Cork GAA officials will confiscate Confederate flags from any supporters attending hurling and football matches when sport resumes in front of live audiences.
Cork supporters sometimes wave the Confederate flag during inter-county football and hurling matches due to the county's association with rebellion. There is also perhaps some sense of identification with the losing side of the US Civil War since Cork was the rebel stronghold during the Irish Civil War.
However, in the wake of the Black Lives Matter protests taking place around the world, some sporting organizations have banned the flag, citing links to slavery and racism in the Deep South of America.
Cork GAA has followed NASCAR in the United States by issuing an outright ban on the flag at any game and Tracey Kennedy, chairwoman of the Cork County Board, said that stewards would confiscate the flag from any supporters that carried it.
"As far as I'm concerned, the Confederate flag is banned," she said.
Kennedy's predecessor Ger Lane had previously urged Cork supporters to avoid flying the flag in 2017 and she said that Lane's appeal made it very clear that the flag was not welcome in Cork stadiums.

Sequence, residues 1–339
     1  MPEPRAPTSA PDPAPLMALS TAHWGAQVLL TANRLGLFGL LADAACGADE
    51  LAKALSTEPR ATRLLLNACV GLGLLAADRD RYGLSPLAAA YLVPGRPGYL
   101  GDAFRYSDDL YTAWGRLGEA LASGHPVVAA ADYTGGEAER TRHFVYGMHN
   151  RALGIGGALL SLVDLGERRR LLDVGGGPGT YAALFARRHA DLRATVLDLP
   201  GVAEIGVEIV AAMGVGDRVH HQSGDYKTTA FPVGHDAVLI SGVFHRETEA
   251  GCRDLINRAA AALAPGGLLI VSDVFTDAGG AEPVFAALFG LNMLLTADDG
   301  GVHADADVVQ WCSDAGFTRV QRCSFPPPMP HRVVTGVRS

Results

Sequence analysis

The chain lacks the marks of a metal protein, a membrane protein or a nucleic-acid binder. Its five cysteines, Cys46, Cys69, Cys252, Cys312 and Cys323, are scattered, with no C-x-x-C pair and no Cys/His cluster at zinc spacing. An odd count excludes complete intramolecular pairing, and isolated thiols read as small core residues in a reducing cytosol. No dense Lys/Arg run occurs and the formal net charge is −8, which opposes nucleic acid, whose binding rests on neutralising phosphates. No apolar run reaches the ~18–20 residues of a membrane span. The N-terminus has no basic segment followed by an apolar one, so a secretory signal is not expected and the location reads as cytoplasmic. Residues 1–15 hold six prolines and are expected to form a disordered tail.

"Ger’s statement in 2017 was very clear when he asked our supporters not to bring the flag to our grounds, not to use the flag, so as far as I’m concerned, it's banned," she said.
"I’m happy to make that position explicit and say it’s banned from our grounds. It has no place in our grounds or in supporting Cork teams."
Kennedy said that stewards at Pairc Uí Chaoimh, Cork's home stadium, would confiscate the flag from supporters as they entered the ground. If supporters manage to smuggle the flag passed the stewards and fly it from the stands, then the stewards will also confiscate the flag.
She said that the flag was already effectively banned by the Cork County Board but that she would bring a formal motion before the board if it was required.
The flag was adopted by the Confederate States of America during the Civil War in the 1800s as they fought against the abolition of slavery. A number of white supremacist groups, including the Ku Klux Klan, have adopted the flag as a symbol of white power.
Joe Moore, of the Cork Anti-Racism Network, told the Irish Times that there should be no argument about banning the flag due to its ties with groups like the KKK and said that the flag should have been banned years ago.
Moore said that corks reputation as the "Rebel County" stemmed from an anti-imperialist rebellion, not a rebellion to protect racism and slavery and said that there was no argument to allow the flag at games.